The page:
Thelia bimaculata is widely distributed throughout the eastern United States (Funkhouser, 1915). Based on the distribution of its host species, Robinia pseudoacacia (Black Locust), T. bimaculata is likely to inhabit areas extending southwest through the Appalachian mountains to Northeastern Alabama (Huntley, 1990). (Funkhouser, 1915; Funkhouser, 1917; Huntley, 1990)
Thelia bimaculata is found in abundance on its preferred host tree, R. pseudoacacia (black locust). T. bimaculata prefers smaller trees in open, sunny areas such as the edges of wooded areas or near roads. Nymphs are generally found on tree trunks near the ground and adults are rarely found at heights over 5 m (Funkhouser, 1915). (Funkhouser, 1915)
As do nearly all species in the Membracidae, T. bimaculata has a distinct, exaggerated pronotum (Wood, 1993; Funkhouser, 1915). The pronotum is horned and extends posteriorly to a sharp point. Females are somewhat larger than males and have gray pronota with irregular brown markings. The males are dark brown with a distinctive, bright yellow band on either side of the thorax (Crew, 1927; Funkhouser, 1915). Males parasitized by parasitoid Aphelopus wasps will assume female coloration and size (see Ecosystem Roles) (Crew, 1927; Fenton, 1918). Nymphs are gray and have a spiny dorsal region. Adults are 11 mm in length (14 mm including horn) (Funkhouser, 1915). (Crew, 1927; Fenton, 1918; Funkhouser, 1915; Wood, 1993)
Females create a narrow slit in the base of the host tree and deposit from three to six eggs into the slit. This process is usually executed two to three times in succession. Thelia bimaculata overwinters in the egg stage and the first nymphs appear in late May to early June. Given the broad geographical range of T. bimaculata, timing and duration of the developmental processes may vary spatially.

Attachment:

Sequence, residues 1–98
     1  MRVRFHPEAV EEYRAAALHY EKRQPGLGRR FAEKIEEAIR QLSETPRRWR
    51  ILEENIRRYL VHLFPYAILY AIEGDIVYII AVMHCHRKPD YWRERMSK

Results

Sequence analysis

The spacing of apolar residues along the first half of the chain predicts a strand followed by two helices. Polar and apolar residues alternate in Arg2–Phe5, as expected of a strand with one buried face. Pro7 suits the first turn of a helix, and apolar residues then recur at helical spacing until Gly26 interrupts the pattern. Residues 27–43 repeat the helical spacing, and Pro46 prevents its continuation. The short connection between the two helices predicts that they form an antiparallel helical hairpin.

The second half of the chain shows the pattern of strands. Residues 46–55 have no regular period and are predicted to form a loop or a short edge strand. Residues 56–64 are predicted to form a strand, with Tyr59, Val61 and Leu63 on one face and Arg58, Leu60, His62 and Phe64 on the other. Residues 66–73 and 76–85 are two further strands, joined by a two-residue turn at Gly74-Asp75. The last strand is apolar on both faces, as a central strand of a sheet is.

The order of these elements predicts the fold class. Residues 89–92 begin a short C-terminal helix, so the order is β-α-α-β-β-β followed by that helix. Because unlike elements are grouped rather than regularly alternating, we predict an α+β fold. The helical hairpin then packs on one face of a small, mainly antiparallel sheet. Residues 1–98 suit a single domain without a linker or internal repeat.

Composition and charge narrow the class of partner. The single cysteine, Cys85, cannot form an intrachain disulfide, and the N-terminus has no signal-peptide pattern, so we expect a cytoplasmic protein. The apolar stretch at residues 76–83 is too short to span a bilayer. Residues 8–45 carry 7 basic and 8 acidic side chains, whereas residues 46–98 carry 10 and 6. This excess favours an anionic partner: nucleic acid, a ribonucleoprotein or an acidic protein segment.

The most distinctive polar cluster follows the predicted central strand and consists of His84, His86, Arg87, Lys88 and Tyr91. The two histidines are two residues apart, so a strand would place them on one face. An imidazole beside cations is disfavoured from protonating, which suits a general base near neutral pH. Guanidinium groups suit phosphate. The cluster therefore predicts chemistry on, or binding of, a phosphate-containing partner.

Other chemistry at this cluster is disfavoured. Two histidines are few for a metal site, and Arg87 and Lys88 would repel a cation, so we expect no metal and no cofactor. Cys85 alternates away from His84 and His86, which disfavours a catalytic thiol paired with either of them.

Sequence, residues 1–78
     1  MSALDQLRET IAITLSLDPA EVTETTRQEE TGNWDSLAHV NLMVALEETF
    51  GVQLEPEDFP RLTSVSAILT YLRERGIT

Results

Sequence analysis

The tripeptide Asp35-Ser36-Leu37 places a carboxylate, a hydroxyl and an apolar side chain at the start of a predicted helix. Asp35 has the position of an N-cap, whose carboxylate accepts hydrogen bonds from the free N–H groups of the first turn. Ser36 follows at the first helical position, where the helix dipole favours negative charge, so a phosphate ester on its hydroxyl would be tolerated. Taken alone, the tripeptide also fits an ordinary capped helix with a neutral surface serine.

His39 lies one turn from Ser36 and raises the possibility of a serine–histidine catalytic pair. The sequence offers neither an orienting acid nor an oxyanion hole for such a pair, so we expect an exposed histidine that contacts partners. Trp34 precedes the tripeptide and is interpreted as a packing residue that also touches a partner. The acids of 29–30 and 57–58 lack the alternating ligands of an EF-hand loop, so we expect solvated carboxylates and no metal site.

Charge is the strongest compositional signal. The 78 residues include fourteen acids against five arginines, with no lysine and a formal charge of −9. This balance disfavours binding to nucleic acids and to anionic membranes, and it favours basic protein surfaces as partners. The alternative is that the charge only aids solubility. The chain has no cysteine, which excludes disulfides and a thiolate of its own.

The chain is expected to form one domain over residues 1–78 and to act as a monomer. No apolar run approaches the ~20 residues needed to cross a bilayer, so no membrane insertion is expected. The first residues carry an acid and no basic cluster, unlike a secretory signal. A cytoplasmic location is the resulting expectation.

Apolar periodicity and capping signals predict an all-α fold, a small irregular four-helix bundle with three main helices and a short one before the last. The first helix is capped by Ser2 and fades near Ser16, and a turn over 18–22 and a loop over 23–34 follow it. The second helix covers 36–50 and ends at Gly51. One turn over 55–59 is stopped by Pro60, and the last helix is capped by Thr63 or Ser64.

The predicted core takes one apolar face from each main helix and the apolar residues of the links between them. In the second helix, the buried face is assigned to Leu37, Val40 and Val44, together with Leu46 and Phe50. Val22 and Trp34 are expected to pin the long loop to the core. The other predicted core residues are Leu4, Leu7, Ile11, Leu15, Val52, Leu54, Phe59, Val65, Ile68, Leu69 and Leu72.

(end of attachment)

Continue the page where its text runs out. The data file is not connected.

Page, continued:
The eggs are white, 2.6 mm long and 0.6 mm wide. They appear swollen two days before hatching and the nymphs later emerge through the top. Thelia bimaculata has five distinct instars. The first instar lasts around seven days and is distinguished by a whitish color, a long beak and abdominal spines. The second instar lasts an average of five days and is darkly colored, with diminished spines. The third instar lasts an average of six days and can be identified by a complete loss of thoracic spines and a swelling in the anterior region. The fourth instar also lasts six days on average. This instar exhibits increased swelling, visible wing pads, and dark markings on the abdomen. The fifth instar is the longest nymphal stage and lasts 8-15 days. This stage is marked by significant pronotal development, fully developed wing pads, and brown spotted legs. The total time of development from egg to adult is about one month. In the young adult, the pronotal horn is not hardned for a few hours and is subject to injury during this period. A notable distinction in ecdysis of T. bimaculata is that the molted integument does not remain attached to the host unlike other membracids, whose skins are often found on trees (Funkhouser, 1915; Funkhouser, 1917). (Funkhouser, 1915; Funkhouser, 1917)
Mating begins in early July and continues throughout the summer. During mating, the male and female will face opposite directions, with their caudal extremities touching. The process of copulation takes an average of 20 minutes (Funkhouser, 1915). (Funkhouser, 1915)